Tuesday, September 13, 2011

I Don't Need To Read The Manual...Spring Integration and JMX

Enabling JMX Monitoring with Spring Integration

The title pretty much says it all.  This seems like a pretty simple task, right?  I thought that I would just go to the Spring Integration reference documentation, follow the instructions, and boom, you can see all of your Spring Integration components via JMX from your favorite JMX monitoring client.  If only it were that easy.  The first hurdle I encountered was that the documentation at Spring's site fails to mention how to get the JMX schema included in your integration.xml or where the parsers/handlers live in the Spring library so that it can actually load and parse the integration.xml file.  The second is that there appears to be some typos in it (it should be "jmx:mbean-export", not "jmx:mbean-exporter" and the attributes of that tag are also listed incorrectly). Grr (I guess you get what you pay for). So, without further ado, this is how to turn on the MBean Exporter for Spring Integration:
  1. Declare the "jmx" namespace in your integration.xml file: 
  2. Add the "jmx" schema to the "schemaLocation" attribute:
    xsi:schemaLocation="http://www.springframework.org/schema/beans http://www.springframework.org/schema/beans/spring-beans-3.0.xsd
        http://www.springframework.org/schema/integration/jmx http://www.springframework.org/schema/integration/jmx/spring-integration-jmx-2.0.xsd
        http://www.springframework.org/schema/integration http://www.springframework.org/schema/integration/spring-integration-2.0.xsd"
  3. Declare the MBean server bean: 
  4. Declare the Integration MBean Exporter:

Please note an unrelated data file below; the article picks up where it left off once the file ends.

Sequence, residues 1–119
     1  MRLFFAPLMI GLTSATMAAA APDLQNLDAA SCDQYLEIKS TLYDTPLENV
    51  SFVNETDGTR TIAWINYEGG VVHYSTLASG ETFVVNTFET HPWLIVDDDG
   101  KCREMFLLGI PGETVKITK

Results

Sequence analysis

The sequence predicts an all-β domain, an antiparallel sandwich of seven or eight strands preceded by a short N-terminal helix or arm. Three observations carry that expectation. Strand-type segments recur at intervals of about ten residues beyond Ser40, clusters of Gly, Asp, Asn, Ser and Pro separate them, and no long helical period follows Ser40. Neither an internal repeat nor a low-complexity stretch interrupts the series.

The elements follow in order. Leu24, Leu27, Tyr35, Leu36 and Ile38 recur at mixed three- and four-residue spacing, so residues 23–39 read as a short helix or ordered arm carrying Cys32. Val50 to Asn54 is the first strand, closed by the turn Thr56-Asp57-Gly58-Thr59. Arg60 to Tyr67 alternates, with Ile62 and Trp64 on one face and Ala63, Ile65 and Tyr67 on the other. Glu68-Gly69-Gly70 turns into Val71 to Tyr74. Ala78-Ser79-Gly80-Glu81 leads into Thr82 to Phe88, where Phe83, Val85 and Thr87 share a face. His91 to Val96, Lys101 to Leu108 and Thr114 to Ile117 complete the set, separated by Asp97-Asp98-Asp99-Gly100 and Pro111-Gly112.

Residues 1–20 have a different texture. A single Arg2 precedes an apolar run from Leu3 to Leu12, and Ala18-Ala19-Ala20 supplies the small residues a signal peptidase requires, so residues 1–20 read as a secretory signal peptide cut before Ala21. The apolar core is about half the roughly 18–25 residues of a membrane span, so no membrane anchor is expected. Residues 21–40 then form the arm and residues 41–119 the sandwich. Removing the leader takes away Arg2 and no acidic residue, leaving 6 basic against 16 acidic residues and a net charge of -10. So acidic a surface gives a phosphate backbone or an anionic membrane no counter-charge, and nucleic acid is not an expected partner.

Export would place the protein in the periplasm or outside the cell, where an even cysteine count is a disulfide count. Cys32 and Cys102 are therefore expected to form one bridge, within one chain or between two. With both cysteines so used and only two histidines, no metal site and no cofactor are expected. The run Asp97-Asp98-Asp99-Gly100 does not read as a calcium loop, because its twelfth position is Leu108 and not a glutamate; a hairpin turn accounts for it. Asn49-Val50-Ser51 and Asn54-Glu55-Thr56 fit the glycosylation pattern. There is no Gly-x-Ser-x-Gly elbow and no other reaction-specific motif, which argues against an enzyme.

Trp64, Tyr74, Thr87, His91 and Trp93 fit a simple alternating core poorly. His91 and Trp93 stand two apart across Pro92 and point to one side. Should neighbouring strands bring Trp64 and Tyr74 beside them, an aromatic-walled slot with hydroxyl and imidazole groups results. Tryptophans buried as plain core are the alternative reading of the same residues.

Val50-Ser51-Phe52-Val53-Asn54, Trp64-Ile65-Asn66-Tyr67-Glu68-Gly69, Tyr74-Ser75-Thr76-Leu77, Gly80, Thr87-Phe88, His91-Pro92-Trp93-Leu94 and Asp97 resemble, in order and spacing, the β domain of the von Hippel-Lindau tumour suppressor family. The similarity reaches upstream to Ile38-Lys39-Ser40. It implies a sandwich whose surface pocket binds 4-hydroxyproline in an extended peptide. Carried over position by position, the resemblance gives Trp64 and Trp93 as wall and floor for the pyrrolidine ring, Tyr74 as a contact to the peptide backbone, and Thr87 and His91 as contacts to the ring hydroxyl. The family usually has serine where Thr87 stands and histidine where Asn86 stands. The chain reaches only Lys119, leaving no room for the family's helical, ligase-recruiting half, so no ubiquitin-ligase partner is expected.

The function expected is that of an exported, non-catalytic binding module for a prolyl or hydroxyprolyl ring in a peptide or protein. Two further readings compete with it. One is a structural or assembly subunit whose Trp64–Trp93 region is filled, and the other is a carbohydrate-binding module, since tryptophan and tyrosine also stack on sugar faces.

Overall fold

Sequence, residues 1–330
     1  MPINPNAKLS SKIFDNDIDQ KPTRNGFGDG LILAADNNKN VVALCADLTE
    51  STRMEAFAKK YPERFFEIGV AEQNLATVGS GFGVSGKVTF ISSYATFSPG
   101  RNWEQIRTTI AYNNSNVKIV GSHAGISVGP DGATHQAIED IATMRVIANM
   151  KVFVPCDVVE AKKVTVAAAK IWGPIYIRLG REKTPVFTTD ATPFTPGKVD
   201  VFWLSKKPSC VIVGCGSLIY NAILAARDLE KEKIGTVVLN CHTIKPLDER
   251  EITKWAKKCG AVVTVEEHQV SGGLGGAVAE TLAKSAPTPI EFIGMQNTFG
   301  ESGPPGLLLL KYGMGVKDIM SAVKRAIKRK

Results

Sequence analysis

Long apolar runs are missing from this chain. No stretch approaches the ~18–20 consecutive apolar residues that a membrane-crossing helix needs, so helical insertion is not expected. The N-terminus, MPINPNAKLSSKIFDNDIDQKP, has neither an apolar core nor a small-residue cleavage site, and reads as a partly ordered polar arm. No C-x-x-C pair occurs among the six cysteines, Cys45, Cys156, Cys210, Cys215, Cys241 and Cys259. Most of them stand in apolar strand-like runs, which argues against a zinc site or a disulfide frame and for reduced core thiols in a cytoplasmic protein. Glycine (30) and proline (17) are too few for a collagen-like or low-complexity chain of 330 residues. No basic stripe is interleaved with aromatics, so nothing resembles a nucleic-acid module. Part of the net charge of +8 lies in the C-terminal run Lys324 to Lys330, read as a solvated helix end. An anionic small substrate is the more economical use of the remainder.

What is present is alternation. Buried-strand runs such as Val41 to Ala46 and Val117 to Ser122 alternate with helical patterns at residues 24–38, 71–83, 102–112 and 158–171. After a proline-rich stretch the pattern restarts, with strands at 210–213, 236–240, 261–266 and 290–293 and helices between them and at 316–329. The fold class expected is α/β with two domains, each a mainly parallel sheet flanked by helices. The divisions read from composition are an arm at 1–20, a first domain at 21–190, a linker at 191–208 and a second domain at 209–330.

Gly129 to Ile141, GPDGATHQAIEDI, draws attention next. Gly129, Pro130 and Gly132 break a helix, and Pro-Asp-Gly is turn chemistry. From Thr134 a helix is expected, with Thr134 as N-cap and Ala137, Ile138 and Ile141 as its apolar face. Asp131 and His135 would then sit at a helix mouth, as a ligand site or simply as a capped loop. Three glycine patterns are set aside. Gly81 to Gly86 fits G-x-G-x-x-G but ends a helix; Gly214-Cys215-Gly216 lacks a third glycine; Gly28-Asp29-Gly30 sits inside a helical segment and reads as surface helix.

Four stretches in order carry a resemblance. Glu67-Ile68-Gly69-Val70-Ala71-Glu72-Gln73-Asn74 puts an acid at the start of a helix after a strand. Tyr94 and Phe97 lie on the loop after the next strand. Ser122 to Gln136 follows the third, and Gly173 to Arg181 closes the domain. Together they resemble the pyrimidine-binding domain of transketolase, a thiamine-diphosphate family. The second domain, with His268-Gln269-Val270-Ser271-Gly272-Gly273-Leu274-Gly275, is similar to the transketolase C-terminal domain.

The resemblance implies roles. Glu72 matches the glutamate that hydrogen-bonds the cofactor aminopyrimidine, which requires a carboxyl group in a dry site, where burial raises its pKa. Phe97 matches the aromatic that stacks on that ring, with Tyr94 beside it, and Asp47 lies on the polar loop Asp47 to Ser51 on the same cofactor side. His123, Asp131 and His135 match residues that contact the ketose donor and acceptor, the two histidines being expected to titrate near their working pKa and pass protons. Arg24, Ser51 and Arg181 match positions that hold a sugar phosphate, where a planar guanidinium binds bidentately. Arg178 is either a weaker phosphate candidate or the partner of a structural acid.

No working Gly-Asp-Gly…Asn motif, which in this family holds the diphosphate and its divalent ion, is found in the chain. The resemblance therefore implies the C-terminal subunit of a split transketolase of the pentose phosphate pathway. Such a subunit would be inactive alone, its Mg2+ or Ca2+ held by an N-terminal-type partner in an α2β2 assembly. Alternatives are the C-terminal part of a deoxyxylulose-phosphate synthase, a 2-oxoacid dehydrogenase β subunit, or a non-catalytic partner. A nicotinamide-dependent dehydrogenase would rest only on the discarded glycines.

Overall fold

5. Add the spring-integration-jmx library to your classpath.

1 comment:

  1. Jon, this is obvious to any 5 year old. To enable the JMX agent for local access, set this system property when you start the JVM or Java application:


    Setting this property registers the JVM instrumentation MBeans and publishes the RMI connector via a private interface to allow JMX client applications to monitor a local Java platform, that is, a JVM running on the same machine.

    For example, to enable the JMX agent for the J2SE sample application Notepad:

    cd JDK_HOME/demo/jfc/Notepad
    java -Dcom.sun.management.jmxremote -jar Notepad.jar

    where JDK_HOME is the directory where the JDK is installed.

    Limitation: On Windows, for security reasons, local monitoring and management is only supported if your default Windows temporary directory is on a file system that supports setting permissions on files and directories (for example, on an NTFS file system). It is not supported on a FAT file system that provide insufficient access controls.

    Durr. Now get back to synergizing and shifting paradigms.

    (THIS is why you can't have a nice blog.)